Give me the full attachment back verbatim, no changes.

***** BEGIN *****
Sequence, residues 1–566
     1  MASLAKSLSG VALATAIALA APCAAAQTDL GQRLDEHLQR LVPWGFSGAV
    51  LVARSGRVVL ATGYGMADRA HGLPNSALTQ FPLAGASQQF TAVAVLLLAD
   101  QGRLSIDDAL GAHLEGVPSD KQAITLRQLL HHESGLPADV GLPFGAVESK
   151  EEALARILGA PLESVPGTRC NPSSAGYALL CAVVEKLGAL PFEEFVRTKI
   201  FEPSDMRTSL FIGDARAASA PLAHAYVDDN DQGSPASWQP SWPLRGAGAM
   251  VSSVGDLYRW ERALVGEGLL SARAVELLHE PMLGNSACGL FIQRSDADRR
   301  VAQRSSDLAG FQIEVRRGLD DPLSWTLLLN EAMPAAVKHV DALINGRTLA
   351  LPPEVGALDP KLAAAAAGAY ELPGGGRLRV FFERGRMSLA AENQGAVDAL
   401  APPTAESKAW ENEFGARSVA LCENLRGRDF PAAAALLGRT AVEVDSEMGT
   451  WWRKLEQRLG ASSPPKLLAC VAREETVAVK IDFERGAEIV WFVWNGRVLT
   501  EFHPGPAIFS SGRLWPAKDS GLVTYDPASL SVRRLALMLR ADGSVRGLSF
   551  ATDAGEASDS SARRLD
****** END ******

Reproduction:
Sequence, residues 1–566
     1  MASLAKSLSG VALATAIALA APCAAAQTDL GQRLDEHLQR LVPWGFSGAV
    51  LVARSGRVVL ATGYGMADRA HGLPNSALTQ FPLAGASQQF TAVAVLLLAD
   101  QGRLSIDDAL GAHLEGVPSD KQAITLRQLL HHESGLPADV GLPFGAVESK
   151  EEALARILGA PLESVPGTRC NPSSAGYALL CAVVEKLGAL PFEEFVRTKI
   201  FEPSDMRTSL FIGDARAASA PLAHAYVDDN DQGSPASWQP SWPLRGAGAM
   251  VSSVGDLYRW ERALVGEGLL SARAVELLHE PMLGNSACGL FIQRSDADRR
   301  VAQRSSDLAG FQIEVRRGLD DPLSWTLLLN EAMPAAVKHV DALINGRTLA
   351  LPPEVGALDP KLAAAAAGAY ELPGGGRLRV FFERGRMSLA AENQGAVDAL
   401  APPTAESKAW ENEFGARSVA LCENLRGRDF PAAAALLGRT AVEVDSEMGT
   451  WWRKLEQRLG ASSPPKLLAC VAREETVAVK IDFERGAEIV WFVWNGRVLT
   501  EFHPGPAIFS SGRLWPAKDS GLVTYDPASL SVRRLALMLR ADGSVRGLSF
   551  ATDAGEASDS SARRLD